Ahead of the Curve
The role played by foresight in the future-oriented enterprise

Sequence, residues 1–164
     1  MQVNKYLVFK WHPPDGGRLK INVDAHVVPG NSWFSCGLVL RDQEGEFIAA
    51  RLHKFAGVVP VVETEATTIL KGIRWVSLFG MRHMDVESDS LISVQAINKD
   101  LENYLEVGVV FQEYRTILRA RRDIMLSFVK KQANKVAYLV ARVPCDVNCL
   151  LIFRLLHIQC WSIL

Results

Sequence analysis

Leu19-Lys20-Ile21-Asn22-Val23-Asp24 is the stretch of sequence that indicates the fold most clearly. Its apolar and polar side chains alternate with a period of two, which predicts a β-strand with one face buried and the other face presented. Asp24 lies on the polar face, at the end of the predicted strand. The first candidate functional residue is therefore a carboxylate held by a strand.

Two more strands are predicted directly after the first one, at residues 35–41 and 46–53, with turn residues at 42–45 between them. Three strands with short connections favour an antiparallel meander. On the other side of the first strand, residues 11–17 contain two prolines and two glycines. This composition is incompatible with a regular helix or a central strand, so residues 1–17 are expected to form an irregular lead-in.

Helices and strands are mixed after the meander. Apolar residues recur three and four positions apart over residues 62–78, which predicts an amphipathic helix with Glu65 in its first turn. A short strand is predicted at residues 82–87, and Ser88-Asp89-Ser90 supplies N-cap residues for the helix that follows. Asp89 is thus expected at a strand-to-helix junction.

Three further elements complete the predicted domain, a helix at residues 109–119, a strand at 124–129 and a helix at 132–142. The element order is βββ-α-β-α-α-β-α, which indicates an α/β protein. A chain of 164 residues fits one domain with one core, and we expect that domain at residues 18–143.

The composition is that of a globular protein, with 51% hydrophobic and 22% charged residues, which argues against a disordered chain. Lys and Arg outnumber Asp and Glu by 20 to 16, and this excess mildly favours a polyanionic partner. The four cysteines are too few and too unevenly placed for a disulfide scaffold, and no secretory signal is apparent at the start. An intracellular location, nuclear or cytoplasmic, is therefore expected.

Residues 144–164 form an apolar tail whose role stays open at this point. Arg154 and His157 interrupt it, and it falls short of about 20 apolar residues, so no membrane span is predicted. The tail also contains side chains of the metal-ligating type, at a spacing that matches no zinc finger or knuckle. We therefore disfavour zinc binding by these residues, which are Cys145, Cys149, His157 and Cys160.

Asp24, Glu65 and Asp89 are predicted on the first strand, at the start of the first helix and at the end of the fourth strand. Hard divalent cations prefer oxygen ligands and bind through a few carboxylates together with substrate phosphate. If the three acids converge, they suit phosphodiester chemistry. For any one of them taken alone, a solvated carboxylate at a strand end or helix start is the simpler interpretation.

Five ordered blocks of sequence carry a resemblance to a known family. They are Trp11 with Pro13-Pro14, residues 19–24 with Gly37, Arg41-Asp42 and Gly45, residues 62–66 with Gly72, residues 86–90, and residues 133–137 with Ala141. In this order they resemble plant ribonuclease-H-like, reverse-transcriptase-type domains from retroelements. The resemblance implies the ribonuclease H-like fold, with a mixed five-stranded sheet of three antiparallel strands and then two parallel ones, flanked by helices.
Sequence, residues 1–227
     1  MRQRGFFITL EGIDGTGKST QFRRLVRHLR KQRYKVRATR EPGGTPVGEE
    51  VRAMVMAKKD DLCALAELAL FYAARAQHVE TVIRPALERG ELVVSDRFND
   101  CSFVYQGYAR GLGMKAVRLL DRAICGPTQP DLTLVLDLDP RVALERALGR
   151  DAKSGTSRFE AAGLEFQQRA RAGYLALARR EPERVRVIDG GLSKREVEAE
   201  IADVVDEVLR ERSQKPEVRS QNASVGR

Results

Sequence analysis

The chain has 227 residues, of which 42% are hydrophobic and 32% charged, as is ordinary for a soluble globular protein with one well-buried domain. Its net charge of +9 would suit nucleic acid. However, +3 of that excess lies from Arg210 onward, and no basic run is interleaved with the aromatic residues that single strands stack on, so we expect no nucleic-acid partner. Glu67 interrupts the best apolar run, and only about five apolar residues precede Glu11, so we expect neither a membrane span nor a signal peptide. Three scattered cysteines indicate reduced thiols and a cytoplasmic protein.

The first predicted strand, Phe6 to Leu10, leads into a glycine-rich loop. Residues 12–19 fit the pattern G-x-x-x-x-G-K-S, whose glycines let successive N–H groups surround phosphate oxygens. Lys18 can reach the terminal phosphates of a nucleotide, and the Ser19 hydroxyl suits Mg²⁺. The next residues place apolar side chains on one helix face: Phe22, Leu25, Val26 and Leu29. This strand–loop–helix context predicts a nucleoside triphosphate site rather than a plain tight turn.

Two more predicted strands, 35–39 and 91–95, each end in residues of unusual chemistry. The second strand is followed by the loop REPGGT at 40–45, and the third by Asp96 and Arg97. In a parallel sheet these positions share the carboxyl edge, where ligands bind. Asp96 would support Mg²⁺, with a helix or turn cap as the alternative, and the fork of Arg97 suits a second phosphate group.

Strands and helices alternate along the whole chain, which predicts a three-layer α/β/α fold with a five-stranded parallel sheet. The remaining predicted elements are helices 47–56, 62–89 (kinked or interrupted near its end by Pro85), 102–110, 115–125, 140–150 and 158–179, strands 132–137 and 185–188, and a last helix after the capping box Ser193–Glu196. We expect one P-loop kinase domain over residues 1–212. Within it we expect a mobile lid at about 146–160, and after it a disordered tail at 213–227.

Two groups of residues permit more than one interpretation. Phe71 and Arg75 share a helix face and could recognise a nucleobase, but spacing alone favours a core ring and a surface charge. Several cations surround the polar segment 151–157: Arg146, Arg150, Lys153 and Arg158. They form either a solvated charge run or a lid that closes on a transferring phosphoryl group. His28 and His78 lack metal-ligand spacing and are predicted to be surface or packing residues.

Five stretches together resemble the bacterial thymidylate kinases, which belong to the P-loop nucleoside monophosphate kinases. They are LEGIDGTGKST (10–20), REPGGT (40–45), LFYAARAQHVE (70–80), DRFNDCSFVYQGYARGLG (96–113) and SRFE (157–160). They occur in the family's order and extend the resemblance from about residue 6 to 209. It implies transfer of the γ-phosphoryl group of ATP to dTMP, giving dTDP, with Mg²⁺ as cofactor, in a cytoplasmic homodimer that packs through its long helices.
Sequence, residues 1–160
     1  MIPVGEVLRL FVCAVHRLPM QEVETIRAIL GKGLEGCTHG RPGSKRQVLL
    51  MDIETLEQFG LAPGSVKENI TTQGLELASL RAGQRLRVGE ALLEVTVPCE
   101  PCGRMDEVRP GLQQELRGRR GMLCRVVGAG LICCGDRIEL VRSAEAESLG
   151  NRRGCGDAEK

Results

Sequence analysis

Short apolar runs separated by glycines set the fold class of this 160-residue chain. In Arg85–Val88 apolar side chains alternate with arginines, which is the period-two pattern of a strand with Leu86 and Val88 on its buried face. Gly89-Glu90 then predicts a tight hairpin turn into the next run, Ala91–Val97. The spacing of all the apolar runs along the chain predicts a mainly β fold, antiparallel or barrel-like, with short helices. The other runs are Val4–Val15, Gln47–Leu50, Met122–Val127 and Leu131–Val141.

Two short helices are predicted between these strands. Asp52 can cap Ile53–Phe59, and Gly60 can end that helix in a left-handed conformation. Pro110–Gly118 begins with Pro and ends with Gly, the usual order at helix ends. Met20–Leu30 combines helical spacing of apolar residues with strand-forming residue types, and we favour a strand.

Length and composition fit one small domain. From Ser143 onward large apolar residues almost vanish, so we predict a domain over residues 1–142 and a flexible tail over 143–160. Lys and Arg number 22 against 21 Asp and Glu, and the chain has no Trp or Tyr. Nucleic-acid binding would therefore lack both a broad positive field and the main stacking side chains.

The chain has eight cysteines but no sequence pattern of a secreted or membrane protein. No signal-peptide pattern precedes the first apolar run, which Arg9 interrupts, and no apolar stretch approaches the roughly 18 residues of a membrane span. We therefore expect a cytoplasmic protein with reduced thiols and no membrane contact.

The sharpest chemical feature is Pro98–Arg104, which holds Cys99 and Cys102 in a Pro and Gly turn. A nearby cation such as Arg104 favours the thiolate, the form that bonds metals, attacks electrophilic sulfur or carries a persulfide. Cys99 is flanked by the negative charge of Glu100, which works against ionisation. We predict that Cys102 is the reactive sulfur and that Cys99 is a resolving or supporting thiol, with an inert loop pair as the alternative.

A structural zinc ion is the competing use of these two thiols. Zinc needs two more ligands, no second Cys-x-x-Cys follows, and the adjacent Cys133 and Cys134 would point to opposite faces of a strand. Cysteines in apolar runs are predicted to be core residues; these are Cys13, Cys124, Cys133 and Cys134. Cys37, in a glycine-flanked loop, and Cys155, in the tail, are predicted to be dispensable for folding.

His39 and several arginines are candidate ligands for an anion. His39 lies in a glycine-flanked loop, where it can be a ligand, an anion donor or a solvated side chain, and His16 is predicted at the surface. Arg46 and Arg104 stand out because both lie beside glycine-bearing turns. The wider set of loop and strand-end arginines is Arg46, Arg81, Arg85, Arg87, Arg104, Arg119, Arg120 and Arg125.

Since Ancient Times, it is only human to wonder what the future will bring, and to devise methods or tricks to anticipate it. From oracles to tarots, from horoscopes to fortune telling, across history the dubious art of interpreting what lies ahead has influenced the life of many, and damaged the lives of more than few. The key challenge in systematically, effectively and efficiently explore scenarios and strategies that look at half a decade to two decades ahead in time, is determined by the complexity of human systems, and humans themselves. Whereas the laws of nature enable the accurate prediction of phenomena in everyday physics, chemistry or life sciences, it becomes much more difficult, if not impossible, to determine the directions that a country or a city will take over a longer to medium span, or how individuals will aggregate their opinions in a consensus, or not. To address this kind of challenge, foresight might be seen as a systematic approach, strong of a corpus of methodologies and a short lived but intense tradition in terms of professional associations and academic excellence. Born as an extension of wartime strategic studies and as a support to governmental policy-making agencies, contemporary foresight and futures research are applied and applicable to the necessity to envision and determine the possible –and even apparently impossible- scenarios where an enterprise will operate in a time yet to come. The use of “wild cards” and other paradoxes enables the discussion of what now appears unlikely, however it might strike the universe of study –being global politics or a single marketing category -and redefine its nature, frameworks and directions. Set with 5 to 20 years scope, preferable scenarios can be then identified, verbalized and visualized, delivering a platform of alternative hypothesis against which the business can be strategized. Whereas research methodologies in this field are mixed, with a tendency to use quantitative data as the foundation for qualitative research and storytelling, the adoption of Design Thinking and design principles has offered since the mid 1990’s a whole new set of possibilities, from visual articulation to the creation of artifacts and probes as demonstrators of how “the future” might look and feel. One of the best examples in terms of case study is Philips “Vision of the Future”, that in the mid 1990’s combined social sciences and visualizing in a massive study of how the emerging digital landscape might appear and behave in half a decade time. The outcome was substantiated in 60 ideas, realized and communicated through design models and videos. In 2001, McKinsey validated 60% thereof as existing in the market, confirming the power of the anticipatory approach. At the same time, only an insignificant percentage of these validated concepts were existing in the market as Philips propositions, because internal management audiences proved more difficult to convince to break up their consolidated ways of working and follow up visionary opportunities. This generates another reflection, one of much more practical nature. While literature, philosophy and humanities in general delighted us for centuries with fictional representations of utopias and dystopias to come, it takes a different organizational design approach to activate future visions within corporate organizations. Without concrete implementation as brand strategy programs or innovation projects, an investment in foresight will not generate any return. This because, in foresight as in life, it takes determination in the present, to truly make a better future happen.